Rwanda does not need to “convince” Barack Obama, Donald Trump or European leaders that it is aspiring to the democratic ideals of the West, the country’s President has told The Telegraph.
“I don’t need to convince Obama, or Trump, or whoever in Europe. I don’t need that because, what does it mean to me?
“It doesn’t mean anything. Convince them that I’m going to be able to live a life like theirs? No, first of all who even told them I’m aspiring to live a life like theirs?
“I don’t want to live like the British, the Americans, the French – that’s their business. Where they live is where they live.
“I want to live like a Rwandan, an African, I don’t want to become something else.
Paul Kagame has been accused of following in the footsteps of a raft of African leaders who have rewritten their constitutions in order to stay in power.
He was swept back into office for third time last week after securing 99 per cent of the vote, having conceded himself that the election “was just a formality”.
He has already ruled for 17 years and could now remain in office until 2034, by which time he will be 77.
Asked in an interview with the Daily Telegraph if he was concerned about accusations of “stayism” and challenged on what he would do to convince the international community that he was opening up the county’s democratic space, he said: “The strategy is ‘let’s keep hitting at this man until maybe he collapses under the weight of this. This is how I interpret this.
What people have said about us twenty years ago, they are still talking about. I think there must be something wrong with them, not with us.”
Mr Kagame has been the de-facto leader of Rwanda since his rebel army defeated extremist Hutu forces, ending the country’s genocide and seizing the capital in 1994.
At least 800,000 people, mainly minority Tutsis, were killed over the course of just 100 days.
He is praised with rebuilding the country, which now boasts annual economic growth of around seven percent and has the largest number of female MPs in the world.
But he has also been criticised repeatedly for stifling opposition, silencing the country’s media and trying to cling to power.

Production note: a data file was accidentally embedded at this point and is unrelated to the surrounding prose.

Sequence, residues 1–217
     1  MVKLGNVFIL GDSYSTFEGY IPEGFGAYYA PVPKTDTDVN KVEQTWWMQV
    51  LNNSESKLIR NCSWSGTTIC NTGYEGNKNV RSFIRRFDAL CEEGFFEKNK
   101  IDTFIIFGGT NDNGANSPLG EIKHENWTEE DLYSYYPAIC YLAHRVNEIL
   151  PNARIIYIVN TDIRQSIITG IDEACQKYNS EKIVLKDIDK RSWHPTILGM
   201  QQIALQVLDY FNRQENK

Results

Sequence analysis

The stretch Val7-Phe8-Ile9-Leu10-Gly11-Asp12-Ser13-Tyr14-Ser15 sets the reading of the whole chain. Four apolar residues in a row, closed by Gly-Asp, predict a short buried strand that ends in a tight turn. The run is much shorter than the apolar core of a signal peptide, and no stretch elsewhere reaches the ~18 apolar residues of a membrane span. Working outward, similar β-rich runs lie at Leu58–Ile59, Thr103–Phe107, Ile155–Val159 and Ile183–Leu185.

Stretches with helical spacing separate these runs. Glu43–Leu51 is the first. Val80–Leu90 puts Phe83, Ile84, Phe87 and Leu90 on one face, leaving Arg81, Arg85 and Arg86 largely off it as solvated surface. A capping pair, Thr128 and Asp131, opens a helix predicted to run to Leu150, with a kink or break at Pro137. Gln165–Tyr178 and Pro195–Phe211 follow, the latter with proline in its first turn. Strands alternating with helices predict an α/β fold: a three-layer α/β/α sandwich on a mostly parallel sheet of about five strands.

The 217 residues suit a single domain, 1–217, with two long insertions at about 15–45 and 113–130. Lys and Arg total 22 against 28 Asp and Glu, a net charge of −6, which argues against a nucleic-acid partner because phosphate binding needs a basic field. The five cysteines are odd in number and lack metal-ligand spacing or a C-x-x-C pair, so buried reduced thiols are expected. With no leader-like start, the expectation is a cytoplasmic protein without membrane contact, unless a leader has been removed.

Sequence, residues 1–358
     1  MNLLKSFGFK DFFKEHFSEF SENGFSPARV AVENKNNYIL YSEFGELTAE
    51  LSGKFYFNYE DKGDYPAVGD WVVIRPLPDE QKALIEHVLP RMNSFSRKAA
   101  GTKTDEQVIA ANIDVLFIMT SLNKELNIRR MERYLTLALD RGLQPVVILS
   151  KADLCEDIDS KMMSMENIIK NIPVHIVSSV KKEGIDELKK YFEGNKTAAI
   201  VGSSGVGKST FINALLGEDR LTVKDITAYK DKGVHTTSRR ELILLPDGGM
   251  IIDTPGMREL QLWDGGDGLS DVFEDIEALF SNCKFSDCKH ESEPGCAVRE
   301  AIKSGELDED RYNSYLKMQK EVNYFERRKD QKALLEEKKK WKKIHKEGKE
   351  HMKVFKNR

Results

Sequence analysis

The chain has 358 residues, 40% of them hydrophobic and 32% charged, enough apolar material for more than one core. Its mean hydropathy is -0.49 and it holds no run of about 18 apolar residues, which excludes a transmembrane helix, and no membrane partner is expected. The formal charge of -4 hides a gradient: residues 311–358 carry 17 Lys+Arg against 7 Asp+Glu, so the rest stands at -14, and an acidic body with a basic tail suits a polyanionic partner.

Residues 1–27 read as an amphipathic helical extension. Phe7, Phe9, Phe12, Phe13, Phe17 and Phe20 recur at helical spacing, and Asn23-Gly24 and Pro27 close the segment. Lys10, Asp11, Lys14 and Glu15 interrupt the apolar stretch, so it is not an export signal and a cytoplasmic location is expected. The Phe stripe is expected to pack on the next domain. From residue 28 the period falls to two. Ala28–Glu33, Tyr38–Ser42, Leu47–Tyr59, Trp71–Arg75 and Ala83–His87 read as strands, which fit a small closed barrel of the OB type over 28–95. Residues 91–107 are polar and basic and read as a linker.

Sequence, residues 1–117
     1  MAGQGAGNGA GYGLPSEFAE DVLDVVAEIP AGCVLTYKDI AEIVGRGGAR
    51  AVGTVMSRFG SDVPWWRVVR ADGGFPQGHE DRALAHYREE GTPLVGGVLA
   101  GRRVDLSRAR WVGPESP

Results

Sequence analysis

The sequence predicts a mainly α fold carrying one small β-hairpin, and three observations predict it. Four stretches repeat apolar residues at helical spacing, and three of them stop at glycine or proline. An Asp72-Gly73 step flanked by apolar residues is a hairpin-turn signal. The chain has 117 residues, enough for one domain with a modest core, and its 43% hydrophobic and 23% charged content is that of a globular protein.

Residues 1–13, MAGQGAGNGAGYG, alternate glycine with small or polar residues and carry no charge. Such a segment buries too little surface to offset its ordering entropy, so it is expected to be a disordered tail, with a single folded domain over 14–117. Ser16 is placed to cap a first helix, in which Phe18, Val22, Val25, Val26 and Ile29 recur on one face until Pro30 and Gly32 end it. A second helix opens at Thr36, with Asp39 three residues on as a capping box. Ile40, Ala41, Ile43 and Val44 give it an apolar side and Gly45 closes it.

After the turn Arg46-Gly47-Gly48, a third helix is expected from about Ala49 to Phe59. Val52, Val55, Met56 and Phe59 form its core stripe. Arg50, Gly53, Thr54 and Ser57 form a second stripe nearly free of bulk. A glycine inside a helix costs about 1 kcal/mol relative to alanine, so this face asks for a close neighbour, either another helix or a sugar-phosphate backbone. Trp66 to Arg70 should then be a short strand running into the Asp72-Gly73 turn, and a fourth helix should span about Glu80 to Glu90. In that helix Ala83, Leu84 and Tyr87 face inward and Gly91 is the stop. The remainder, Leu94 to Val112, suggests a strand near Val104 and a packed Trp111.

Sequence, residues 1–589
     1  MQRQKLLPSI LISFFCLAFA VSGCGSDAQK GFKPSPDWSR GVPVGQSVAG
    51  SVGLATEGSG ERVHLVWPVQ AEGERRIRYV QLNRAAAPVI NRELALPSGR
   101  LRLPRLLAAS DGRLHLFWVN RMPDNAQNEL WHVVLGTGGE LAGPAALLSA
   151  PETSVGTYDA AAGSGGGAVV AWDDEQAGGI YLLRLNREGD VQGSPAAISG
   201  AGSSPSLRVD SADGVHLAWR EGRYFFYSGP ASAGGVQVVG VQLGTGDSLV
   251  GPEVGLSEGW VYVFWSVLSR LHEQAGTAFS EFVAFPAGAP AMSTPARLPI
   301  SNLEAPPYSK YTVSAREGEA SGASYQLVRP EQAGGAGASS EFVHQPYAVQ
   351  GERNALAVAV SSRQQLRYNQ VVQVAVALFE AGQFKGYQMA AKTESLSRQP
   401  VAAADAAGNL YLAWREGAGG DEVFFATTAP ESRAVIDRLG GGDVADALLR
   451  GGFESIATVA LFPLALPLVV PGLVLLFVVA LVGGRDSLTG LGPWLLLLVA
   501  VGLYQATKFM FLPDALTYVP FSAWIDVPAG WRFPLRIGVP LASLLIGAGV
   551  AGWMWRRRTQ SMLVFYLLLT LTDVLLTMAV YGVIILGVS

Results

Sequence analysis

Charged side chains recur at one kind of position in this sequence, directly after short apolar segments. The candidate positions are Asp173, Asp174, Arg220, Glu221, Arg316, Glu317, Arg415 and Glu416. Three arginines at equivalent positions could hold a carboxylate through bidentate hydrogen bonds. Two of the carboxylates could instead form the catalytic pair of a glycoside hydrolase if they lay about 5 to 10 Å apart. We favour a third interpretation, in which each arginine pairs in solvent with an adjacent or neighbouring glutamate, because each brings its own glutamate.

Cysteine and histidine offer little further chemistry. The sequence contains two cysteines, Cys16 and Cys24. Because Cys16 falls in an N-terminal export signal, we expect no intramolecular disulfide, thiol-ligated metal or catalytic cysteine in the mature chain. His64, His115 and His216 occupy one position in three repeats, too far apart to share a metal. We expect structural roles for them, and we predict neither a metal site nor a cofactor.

Britain, Rwanda’s biggest direct donor, will give £64 million to the country this year.
In 2015, 98 per cent of Rwandans were said to have voted “yes” to rewriting the rules that mean Mr Kagame’s recent electoral success could see him remain in office until 2034 following Friday’s election.
The US warned at the time that he would face instability and uncertainty if he pressed ahead with the changes.
Speaking in the country’s capital of Kigali , Mr Kagame insists there is a “disconnect” between what his critics in the media and the West have to say of him, and the views of his electorate.
He said his overwhelming victory was an an example of voters “telling journalists ‘you don’t know what we are concerned about’. It is as if it is a vote of defiance.”
But he concedes that Rwanda needs to to “work harder” to get to a position where it can elect a new leader within the next seven years.
And he is adamant that he never intended to rule for a third term, but that his party had chosen him again.
“It’s not what I expected, it’s not what I was looking for, it’s not what I wanted”, he said. “But the circumstances have driven us to this point.”
Asked if he has plans for the county to have a new leader, he said:” Yes, I think there will be, one way or the other. And it’s not an issue of whether I want it, or not, it’s an issue of reality.
“One problem we must address is that of who takes over from me come 2024. This should be one of the priorities.
“We must work harder so that what made Rwandese people ask me to stay longer can be addressed in this seven years.”The Telegraph